The New Jersey Supreme Court reversed an Ocean County double murder conviction after finding that the trial judge improperly questioned defense witnesses, while, at the same time, bolstering the testimony of the state’s witnesses. In State v Obrien, the Court, in its decision, discussed the limitations on a trial judge and the questioning of witnesses, stating that the defendant is entitled to face just one adversary. Questioning by the trial judge that amounts to cross examination of defense witnesses, and bolsters the state’s case, cast a cloud over the testimony of all and sways the scales justice unfairly on the side of the state. Of course, the holding could also be applied to questioning from the bench which would illicit responses that tend to lend credence to the testimony of the defendant.
This decision has applicability to all New Jersey court proceedings, including those in the municipal courts. Unfortunately, this type of judicial activism is not uncommon. In municipal courts, prosecutors with heavy case loads do not always have time to prepare fully for trials. In most municipal court matters, the facts are in the state’s corner. However, when they are not, or where there is the threat of dismissal on procedural grounds, trial judges may inadvertently taint the testimony of witnesses in an attempt to gather all the relevant facts. It should be noted that most judges have tried their fair share of cases. Therefore, instinct may kick in, and the effect of the involvement may not be fully contemplated. Nonetheless, the judge is supposed to make a decision based upon the evidence before the court. Trials are, in large part, a contest between attorneys, and preparedness plays a large role in the process. Failing to ask the right question or missing key objections is part of the game in an adversarial proceeding.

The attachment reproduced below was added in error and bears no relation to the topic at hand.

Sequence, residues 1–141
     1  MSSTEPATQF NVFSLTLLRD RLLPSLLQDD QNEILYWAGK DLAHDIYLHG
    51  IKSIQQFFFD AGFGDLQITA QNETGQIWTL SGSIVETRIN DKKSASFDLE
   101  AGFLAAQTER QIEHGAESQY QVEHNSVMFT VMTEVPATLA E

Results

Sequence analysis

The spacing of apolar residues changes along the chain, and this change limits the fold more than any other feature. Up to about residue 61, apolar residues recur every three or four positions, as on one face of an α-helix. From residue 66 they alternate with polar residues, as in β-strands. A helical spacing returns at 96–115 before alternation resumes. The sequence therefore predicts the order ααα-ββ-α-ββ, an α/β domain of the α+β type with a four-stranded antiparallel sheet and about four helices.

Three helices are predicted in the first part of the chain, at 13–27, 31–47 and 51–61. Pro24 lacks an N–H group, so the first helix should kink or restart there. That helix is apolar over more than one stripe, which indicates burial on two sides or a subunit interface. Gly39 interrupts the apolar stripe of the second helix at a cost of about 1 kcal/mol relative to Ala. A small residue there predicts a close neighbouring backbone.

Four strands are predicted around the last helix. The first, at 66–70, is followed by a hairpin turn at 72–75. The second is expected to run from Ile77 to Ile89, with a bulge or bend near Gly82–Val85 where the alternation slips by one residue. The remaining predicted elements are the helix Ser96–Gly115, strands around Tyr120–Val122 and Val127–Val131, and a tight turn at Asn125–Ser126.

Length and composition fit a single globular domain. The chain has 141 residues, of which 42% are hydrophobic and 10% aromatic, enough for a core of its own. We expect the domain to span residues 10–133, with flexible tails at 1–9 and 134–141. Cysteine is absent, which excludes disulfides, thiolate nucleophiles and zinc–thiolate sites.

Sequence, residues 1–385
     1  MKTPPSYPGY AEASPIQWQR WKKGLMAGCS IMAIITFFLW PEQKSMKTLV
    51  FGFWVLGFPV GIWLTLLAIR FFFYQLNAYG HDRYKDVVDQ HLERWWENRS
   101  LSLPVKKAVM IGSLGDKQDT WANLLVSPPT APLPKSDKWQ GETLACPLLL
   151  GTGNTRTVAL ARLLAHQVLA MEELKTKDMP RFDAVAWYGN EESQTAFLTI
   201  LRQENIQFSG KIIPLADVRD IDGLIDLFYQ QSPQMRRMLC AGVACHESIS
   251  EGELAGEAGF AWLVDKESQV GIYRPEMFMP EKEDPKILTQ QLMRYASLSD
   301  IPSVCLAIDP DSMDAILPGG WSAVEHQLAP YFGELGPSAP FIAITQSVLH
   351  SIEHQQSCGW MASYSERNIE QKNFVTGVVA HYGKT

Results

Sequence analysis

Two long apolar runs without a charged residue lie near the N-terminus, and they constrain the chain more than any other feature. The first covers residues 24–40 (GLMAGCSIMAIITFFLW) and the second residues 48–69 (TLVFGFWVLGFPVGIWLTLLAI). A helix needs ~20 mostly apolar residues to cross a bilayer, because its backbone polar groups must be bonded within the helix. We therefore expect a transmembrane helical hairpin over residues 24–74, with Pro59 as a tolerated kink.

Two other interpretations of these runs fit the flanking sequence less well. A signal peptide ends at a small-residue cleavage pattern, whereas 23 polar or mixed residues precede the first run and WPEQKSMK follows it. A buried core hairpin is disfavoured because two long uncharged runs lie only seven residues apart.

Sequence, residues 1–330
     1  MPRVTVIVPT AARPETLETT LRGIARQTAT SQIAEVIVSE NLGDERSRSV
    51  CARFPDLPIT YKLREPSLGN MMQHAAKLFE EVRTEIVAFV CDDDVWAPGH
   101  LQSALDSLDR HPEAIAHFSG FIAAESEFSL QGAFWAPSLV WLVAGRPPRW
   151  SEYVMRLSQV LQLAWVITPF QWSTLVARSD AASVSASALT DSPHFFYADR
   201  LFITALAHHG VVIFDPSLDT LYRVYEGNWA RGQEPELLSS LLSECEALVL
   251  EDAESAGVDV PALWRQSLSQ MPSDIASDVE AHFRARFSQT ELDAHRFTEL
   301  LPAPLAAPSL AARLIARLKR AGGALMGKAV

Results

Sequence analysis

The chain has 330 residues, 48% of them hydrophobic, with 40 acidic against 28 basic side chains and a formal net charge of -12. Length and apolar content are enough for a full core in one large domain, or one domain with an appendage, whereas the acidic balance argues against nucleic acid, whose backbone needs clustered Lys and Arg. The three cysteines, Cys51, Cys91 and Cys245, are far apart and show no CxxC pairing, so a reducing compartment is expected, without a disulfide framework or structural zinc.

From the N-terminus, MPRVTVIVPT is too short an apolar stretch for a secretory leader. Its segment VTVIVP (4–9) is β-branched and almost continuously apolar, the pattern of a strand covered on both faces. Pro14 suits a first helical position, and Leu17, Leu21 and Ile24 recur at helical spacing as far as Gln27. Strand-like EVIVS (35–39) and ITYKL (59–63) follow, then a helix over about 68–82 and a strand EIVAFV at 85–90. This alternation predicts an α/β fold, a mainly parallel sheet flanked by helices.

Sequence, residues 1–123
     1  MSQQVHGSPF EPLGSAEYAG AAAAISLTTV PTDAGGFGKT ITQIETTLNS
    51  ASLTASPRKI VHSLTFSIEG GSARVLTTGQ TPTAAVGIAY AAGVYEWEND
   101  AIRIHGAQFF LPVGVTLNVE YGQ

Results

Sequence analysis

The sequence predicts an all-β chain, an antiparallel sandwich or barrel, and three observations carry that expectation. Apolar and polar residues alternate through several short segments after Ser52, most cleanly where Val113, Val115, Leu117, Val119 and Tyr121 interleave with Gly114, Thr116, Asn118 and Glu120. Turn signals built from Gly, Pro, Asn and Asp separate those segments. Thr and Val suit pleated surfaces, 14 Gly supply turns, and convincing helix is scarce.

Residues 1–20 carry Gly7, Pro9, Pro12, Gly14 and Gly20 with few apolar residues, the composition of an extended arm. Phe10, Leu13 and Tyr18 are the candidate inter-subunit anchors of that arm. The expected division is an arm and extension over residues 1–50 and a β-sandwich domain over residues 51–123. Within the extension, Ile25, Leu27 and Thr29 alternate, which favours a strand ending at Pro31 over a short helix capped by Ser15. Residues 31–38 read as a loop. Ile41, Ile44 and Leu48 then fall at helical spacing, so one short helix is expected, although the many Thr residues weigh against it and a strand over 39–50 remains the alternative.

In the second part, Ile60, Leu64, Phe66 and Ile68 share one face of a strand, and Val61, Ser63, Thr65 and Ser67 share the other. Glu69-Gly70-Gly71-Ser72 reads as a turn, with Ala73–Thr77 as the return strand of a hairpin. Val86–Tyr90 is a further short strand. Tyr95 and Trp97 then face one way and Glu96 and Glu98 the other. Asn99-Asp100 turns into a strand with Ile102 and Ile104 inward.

But one must remember, the overwhelming majority of court proceedings are conducted in a fair and balanced fashion. Although this case highlights a situation where the trials judge went to far, this is not the norm. Most judges are impartial and measured in their approach.
This decision is